In November 2018, the NITI Aayog released a document titled ‘Strategy for New India @ 75’. It outlined a vision to build a ‘New India’ by 2022 through policy proposals for furthering cauincluses like housing for all, doubling farmers’ incomes, renewable energy, sustainable environment, etc.
But look closer and you will notice that its various aims are not all consistent with each other.
For example, as part of policies to create a sustainable environment, the document says we need to increase forest cover to 33.3% of India’s geographical area as well as improve the quality of existing forests.
The nation’s forest cover currently stands at about 21%. Getting to 33% has been the goal since 1952, when the first national forest policy was drafted. However, it has only become harder since that time to meet this goal and the document itself shows why.
It also hopes that Parivesh – purported to be a single-window clearance system for environment, forests, wildlife and coastal regulation zones – will be able to grant permits within 180 days of application. This includes exploring for and mining minerals, authorising more officers than usual to grant powers to explore forest areas under the Forest (Conservation) Act 1980 and allowing deemed approvals in case of delays. A deemed approval is a greenlight granted without due process.
Fast-tracking mining clearances allows officials and miners to sidestep protections in the name of obviating delays. Empowering more officers to grant exploration rights inside forests is troubling for similar reasons, especially when India’s forest cover is already known to be fragile. The strategy document itself acknowledges that “of the total land area under forest cover, about 40% has only 10-40% canopy density”.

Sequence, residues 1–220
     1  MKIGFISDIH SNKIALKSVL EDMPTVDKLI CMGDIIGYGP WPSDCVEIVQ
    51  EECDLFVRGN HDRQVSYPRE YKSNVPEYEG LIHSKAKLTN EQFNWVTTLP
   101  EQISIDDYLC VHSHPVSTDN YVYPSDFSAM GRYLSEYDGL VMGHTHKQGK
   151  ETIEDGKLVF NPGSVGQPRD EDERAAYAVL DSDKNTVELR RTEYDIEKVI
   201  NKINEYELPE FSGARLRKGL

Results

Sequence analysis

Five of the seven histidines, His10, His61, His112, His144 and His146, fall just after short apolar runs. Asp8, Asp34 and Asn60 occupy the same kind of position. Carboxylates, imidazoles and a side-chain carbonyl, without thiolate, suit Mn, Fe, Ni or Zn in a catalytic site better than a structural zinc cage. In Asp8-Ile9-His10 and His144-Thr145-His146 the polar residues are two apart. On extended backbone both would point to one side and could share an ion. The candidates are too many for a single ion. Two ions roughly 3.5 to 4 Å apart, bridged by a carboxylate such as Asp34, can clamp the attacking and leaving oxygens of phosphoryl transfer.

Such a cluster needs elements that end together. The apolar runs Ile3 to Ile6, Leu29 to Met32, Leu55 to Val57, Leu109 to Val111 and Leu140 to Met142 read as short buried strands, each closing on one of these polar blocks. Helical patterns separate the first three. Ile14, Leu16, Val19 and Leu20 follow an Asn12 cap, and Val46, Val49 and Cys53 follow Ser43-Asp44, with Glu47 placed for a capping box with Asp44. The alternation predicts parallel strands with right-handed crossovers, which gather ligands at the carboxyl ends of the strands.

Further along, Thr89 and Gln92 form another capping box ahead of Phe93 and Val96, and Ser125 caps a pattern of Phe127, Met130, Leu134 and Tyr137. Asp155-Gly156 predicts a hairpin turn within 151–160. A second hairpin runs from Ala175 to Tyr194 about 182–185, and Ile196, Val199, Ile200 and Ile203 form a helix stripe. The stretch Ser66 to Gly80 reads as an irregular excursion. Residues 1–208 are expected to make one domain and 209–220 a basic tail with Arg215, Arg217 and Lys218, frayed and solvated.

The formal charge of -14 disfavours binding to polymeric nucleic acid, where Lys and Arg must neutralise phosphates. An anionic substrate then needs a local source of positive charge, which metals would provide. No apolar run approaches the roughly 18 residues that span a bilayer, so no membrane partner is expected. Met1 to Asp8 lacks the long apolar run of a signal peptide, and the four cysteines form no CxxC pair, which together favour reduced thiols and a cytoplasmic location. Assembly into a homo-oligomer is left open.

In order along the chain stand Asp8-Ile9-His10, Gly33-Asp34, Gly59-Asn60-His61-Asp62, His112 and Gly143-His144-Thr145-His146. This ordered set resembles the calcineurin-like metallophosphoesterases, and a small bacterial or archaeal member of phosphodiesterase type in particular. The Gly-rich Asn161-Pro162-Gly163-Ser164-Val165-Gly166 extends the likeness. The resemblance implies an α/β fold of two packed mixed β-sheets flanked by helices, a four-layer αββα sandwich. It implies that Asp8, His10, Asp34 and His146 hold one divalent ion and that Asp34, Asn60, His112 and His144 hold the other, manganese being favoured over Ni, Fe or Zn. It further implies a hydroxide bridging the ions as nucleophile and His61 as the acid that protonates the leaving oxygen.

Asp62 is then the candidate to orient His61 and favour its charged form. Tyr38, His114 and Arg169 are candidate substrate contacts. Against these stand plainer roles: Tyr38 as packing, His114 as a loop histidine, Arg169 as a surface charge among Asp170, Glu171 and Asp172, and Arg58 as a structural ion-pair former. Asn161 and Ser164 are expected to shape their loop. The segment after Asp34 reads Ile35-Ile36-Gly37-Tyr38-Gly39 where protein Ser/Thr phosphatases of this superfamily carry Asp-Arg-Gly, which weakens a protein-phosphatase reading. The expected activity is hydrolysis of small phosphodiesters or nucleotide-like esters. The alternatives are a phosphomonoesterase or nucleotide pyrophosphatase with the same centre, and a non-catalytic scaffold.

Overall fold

The other glaring misstep is that the document says Compensatory Afforestation Fund Management and Planning Authority (CAMPA) will be used for skill-development programmes aimed at “skilling/re-skilling/up-skilling existing and new entrants to the labour force”.
CAMPA was set up under the Compensatory Afforestation Fund (CAF) Act 2016, and can collect funds from any person, organisation, company or department of the Centre or states that intends to denotify or divert forest land for non-forest purposes. So CAMPA money is meant for afforestation drives, to makeup for activities that lead to deforestation.
The CAF Act also makes it clear that such funds can only be used for “compensatory afforestation, additional compensatory afforestation, penal compensatory afforestation, net present value, catchment area treatment plan or any money for compliance of conditions stipulated by the Central Government while according approval” under the Forest (Conservation) Act.
Therefore, using CAMPA funds for skill development programmes is bound to be illegal. The Supreme Court has, in the past, struck down the use of these funds to build roads and install streetlights. In 2013, the Comptroller and Auditor General also noted their diversion for purposes they are not intended for with concern. But in spite of such precedents, the NITI Aayog seeks to use CAMPA funds for training the workforce.
A ‘New India’ founded on such contradictions cannot also be stable and honest. It’s notable that Prime Minister Narendra Modi chaired the meeting of NITI Aayog members when they deliberated the development agenda for 2022, in June 2018. So it’s not simply a vision document as much as a sign of things to come vis-à-vis the Bharatiya Janata Party’s developmental agenda if it is in power then.
And it merits thorough consideration in an election year, when electioneers are and will be making promises that sound desirable on the face of it but mask potential conflicts.
Rishika Pardikar is a freelance journalist in Bengaluru.